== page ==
Lexicographer v/s translator

Friday September 22, 2017

 

I have taken an example of my working pair. Being in the field for 15+ years and having interaction with translators of some other languages, I found that this view applies to almost every language, worldwide.

When a client requests for localization in Hindi, they do not ask you to localize their product in languages (dialects of Hindi) like Bhojpuri, Magadhi Maithili, Pahari, Kashmiri, Rajastani, Haryanvi, Malvi, Kumaoni; most of the time they even don’t ask to localize in Gujarati, Bengali or Marathi (this is cost dependent). These all are either official state languages or major spoken languages in the states of the Hindi belt.

  1. Number of states where Hindi is spoken, called The Hindi belt:
    1. Bihar
    2. Uttar Pradesh
    3. Madhya Pradesh
    4. Haryana
    5. Rajasthan
    6. Himachal Pradesh
    7. Uttaranchal
    8. Chhattisgarh and
    9. Jharkhand
  2. Besides, the following territories also lie in this belt:
    1. Union Territory of Chandigarh
    2. National Capital Territory of Delhi
  1. The following states have large communities of Hindi-speaking people:
    1. Gujarat
    2. Maharashtra
    3. Orissa
    4. West Bengal
    5. Andhra Pradesh and
    6. Jammu and Kashmir

We have to localize the product keeping the above details in mind. Hindi is the state language of Uttar Pradesh; but still there are dialects in its core linguists. These are Hindustani, Khariboli (Kauravi), Braj, Lakhanavi.

When we select a translator, we say we are looking for a native speaker, and most of time, we get translators from Khariboli (Kauravi) “The Lexicographer”. Here we spoil interest of our client. Client expects Hindi localization for the Hindi belt, our pure Hindi translators churn out their linguistic knowledge and give us the cream in the form of terms, which hardly (perhaps!) can be understood by a person from their own dialect. Normally this happens when we chose a lexicographer in place of a subject expert. They provide content or translation, grammatically perfect with rich terms, and still difficult to understand for a user. They use such terms, which either are very rare in use or derived from Sanskrit or they are not at all in use. This is orthodox translation.

In literature translation, we are expected ‘just to transplant the Heart’; but in localization, we are expected not only to transplant Heart but also to translate the source so as, if it is translated back to source, it should fall near by the ‘source sentence’. In localization, we must keep in mind that the user is a literate person. Being National Language, we have many English terms in our day-to-day practice. Moreover, these are widely used in all Indian languages. For a century now, literate class is customary not only with technical English terms, but also we use verbs, adverbs, noun, pronouns, and numbers, from English in our day-to-day life. Therefore, you will find the user is familiar with English but not fluent, and also not affluent with Hindi. In his or her day-to-day life, they use many more English terms without a sense that they have their native term for this specific act or a noun or verb. On the contrary, these people read (with the help of a dictionary) write (with the help of a dictionary) and even speak (with good enough constructional mistakes) English, but with limitation. The translation should be free in nature.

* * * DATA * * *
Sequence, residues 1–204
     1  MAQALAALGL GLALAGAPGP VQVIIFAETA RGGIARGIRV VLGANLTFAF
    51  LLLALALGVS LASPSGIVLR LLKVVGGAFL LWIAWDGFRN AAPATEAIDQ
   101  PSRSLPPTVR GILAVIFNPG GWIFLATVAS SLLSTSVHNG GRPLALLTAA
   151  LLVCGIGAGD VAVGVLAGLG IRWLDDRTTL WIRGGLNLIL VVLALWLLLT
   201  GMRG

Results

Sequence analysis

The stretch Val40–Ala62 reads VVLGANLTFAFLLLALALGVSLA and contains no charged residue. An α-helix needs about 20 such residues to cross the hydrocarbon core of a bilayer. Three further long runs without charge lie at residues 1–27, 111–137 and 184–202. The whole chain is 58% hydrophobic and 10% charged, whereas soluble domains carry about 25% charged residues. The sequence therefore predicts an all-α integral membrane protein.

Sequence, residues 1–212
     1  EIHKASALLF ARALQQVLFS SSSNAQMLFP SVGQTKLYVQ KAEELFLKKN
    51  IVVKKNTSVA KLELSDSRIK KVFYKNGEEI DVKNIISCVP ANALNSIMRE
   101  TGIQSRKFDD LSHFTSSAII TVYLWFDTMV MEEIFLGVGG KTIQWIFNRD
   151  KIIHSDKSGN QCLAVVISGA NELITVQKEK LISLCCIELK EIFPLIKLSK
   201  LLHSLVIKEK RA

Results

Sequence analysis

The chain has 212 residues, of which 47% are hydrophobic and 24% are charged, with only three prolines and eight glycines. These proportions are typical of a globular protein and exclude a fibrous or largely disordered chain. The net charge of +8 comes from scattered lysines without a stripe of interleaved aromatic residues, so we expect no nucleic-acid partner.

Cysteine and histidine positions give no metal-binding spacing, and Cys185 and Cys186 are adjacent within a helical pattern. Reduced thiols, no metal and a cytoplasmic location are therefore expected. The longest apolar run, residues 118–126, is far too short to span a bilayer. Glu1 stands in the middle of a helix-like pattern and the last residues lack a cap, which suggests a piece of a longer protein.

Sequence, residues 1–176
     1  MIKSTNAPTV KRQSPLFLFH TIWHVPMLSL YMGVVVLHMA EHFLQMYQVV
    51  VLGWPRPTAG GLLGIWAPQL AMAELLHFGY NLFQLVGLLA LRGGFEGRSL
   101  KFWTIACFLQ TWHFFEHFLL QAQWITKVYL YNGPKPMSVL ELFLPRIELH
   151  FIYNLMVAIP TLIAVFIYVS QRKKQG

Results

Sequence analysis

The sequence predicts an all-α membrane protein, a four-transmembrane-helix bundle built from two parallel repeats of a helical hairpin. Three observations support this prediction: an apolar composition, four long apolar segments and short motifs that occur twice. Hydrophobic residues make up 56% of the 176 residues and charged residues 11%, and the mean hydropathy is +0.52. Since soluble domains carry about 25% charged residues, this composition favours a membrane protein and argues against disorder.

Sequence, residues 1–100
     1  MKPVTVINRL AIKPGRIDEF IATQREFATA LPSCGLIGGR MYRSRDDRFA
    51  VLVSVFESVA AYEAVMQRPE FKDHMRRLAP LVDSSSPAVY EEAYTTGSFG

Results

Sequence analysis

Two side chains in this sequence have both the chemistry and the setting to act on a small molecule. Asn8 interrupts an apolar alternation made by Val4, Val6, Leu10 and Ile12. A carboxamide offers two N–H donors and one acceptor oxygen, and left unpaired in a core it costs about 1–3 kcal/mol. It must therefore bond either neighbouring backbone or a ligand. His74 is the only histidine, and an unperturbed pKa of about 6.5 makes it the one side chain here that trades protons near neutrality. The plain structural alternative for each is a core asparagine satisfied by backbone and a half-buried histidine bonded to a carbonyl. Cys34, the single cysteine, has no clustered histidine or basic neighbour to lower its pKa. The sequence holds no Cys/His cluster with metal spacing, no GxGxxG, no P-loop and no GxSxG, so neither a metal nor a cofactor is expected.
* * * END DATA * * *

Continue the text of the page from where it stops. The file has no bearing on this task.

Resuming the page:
Here is the role of a translator. Localization should be as such that the entire Hindi belt (consisting, more than 500,000,000 people) should understand it easily. This is a field where the user is the judge. They are customers and if not satisfied, they can ruin your client. We are here not to display our rich lexicon expertise but to assist users to understand our client.

 

This, I believe, is a model for every language worldwide. As an in-house translator, I have worked on end users feedbacks on translated content of products of some giants. What I saw and experienced from the feedback can be expressed as, Lexicographer v/s Subject expert, Modern v/s Traditional. This is a serious concern. I have tried here, to put in a few words.

It is a demand of time that translators and the organizations should take initiative to, structure and validate a language style and vocabularies to make localization more usable and the same time official. There should a language style in place, which may be called as, “simplified Hindi”, which will be a reference to validate any translation for its linguistic complexity. This will be milestone in Indian Localization sector. This will gear up motivation, will reduce review costs and to much extent, authenticate quality of translation towards it’s reader friendliness.

 


Author: Sushan in

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